Introduction: Build a Vertical Aquaponic Veggie & Fish Farm for Small Yards & Houses
This low-cost vertical aquaponic system can grow leafy greens, herbs and raise fish for a small family year round, and it fits in a 5' by 3' space. Sean Brady, the aquaponics projects coordinator at the Center for Sustainable Aquaponics and Nourish the Planet in Loveland, Colo., showed us how to build a system from scrap he found around the greenhouse. We published a version of this how-to guide at engineeringforchange.org, and it's one of the good ones, so we'd like to share it with Instructables, too.
What it is
A vertical aquaponic system grows vegetables without soil in columns above a fish tank. By growing vertically, you can produce about twice the amount of plants as you can with a hydroponic system of the same area. One five-foot tower can produce more than 200 heads of lettuce per year. And it uses a small fraction of the water needed to grow crops in soil.
The system puts fish waste to work as fertilizer for crops. A small pump draws nutrient-rich water from the fish tank to the tops of the vertical columns. The water trickles down through the roots of the plants, gathering oxygen from the air as it falls back into the tank. It releases almost no waste and, because it's soil free, there's no need for fertilizer or most pesticides. Also, if you do it right, you won't have to clean the fish tank much.
You do have to replace lost water as needed, power the pump and feed the fish. Try raising crickets for fish food, or buy them flakes. It might not be too hard to power one of these pumps with a small solar panel or some other renewable energy. If anyone has an idea, please share.
This is how to build Sean Brady's low-cost vertical aquaponic system This build is for the simple design in the cover photo, and we're including pictures of other, fancier systems built with mostly the same materials to show what's possible. For credit, Brady took all of the photos. For more information on aquaponics, please see CSA's and NTP's sites.
You can use these or swap out anything for whatever you have on hand. Measurements are in feet and inches. Sorry, rest of the world.
15-20 ft. of 4-in. diameter PVC or ADS
Four 4-inch elbows
Four 4-inch T connectors
*Two 50-gallon drums
*15-20 ft. of pex tubing, or aquarium tubing
*Strips of cloth, such as burlap sack, cable ties or another fastener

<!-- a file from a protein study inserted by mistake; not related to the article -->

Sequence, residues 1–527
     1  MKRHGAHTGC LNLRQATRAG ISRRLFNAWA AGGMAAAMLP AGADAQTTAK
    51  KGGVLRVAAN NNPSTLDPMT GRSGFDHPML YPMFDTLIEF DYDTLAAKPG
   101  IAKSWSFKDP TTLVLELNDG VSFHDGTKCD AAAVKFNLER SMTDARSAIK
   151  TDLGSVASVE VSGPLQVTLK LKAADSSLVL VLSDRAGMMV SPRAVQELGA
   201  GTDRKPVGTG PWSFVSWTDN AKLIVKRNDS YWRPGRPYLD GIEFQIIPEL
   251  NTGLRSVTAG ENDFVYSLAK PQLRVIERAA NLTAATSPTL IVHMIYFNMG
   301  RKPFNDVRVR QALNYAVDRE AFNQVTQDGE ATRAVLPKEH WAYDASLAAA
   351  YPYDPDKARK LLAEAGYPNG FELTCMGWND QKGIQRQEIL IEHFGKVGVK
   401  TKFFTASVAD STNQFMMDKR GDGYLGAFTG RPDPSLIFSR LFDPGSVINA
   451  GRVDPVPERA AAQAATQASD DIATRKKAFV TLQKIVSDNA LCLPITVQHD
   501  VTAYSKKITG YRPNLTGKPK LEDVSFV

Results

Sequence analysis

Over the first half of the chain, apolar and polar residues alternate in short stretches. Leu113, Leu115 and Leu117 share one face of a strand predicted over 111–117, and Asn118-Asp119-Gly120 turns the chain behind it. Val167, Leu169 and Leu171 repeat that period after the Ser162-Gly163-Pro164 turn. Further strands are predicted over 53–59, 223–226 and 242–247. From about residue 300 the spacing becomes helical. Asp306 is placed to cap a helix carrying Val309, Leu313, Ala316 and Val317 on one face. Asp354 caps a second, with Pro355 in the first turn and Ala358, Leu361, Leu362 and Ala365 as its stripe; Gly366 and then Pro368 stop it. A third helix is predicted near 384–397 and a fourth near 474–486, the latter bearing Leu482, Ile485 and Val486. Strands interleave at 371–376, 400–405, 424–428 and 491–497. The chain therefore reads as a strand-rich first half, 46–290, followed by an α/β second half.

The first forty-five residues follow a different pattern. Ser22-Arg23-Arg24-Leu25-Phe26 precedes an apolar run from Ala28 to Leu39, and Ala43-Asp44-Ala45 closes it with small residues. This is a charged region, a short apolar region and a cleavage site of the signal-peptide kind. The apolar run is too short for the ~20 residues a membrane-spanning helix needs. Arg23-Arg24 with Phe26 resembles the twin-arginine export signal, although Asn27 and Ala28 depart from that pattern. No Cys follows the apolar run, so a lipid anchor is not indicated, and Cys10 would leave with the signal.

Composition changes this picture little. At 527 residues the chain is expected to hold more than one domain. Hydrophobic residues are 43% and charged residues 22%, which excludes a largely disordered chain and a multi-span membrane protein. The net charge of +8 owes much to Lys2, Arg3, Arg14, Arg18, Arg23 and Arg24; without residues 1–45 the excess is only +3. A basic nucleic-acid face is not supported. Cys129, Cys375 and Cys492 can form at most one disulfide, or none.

*Two rolls of electrical tape
One water pump - the size depends on how much flow it would need. An aquarium pump is enough to keep the flow going.
One air pump (optional). The system can aerate itself but it can produce more if it has an air pump.
*Power drill or hand drill
*1-in hole saw
*3-in hole saw
About two hours.
Recommended plants and fish
Leafy vegetables, tomatoes and herbs do well in these systems. So do flowers. You can experiment to find which do well and fit your needs.
Tilapia and trout do well, they grow quickly and they're delicious.
Step 1: Prepare the Base Pipes
Cut the pipe into six 1ft. sections for the sides and two 14in. sections for the ends.
Drill two 3in-diameter holes in each of the 1ft side pieces.
Drill a 1in-diameter hole into the side of one of the end pieces.
Then assemble the pieces with electrical tape
You can use any kind of durable plastic or pipe, not just what's pictured.
Step 2: Vertical Pipes
Cut the vertical pipes to whatever length you like. The ones pictured are cut at different lengths, from 2ft to 4ft, to show what they each look like. But you would usually cut all four to the same length.
Drill 1in-diameter holes in the vertical pipes, evenly spaced.
Insert the vertical pipes as shown.
The photo on the right shows the finished system to give an idea of what you're building.
Step 3: Cups and Drain
Perforate the bottoms of the plastic cups and place them in the holes you drilled in the side pipes.
Cut a piece of 1in-diameter pipe to insert into the 1in hole in the end pipe to make a drain.
The drain should pour into one of the 50-gallon drums.
Step 4: The Fish Tank
You can use two 50-gallon drums like these or any other kind of container that holds water for fish. You could even scale this down and put it on top of an indoor aquarium.
Cut the tops off below the rims.
Step 5: Finished
This is the assembled garden structure on top of the drums, seen from two slightly different angles.
Adjust the structure's balance and support its joints with wooden boards. You could tilt the structure slightly toward the drainpipe to improve the water flow.
Cut strips of burlap (or another material), fasten them to the tops of the vertical pipes and drape them down the inside of the pipes. This gives the plant roots something to latch onto.
Next, cut and assemble the tubing so that you can pump water from one barrel up to each of the four vertical pipes. You could also pump water from the barrel that receives drainage to the barrel that feeds the system.
Step 6: Scaling Up for Bigger, Fancier Systems
These systems can scale up to commercial size, like this greenhouse at the Center for Sustainable Aquaponics.
Step 7: Creative Designs
This arrangement shows some of the creativity and beauty possible with an aquaponic system. There is a rocky waterfall into the fish tank and a drip-irrigation system watering soil-free plants in a rock bed.
Step 8: Harvest
Sean Brady shows what these systems can produce. He's holding a trout here.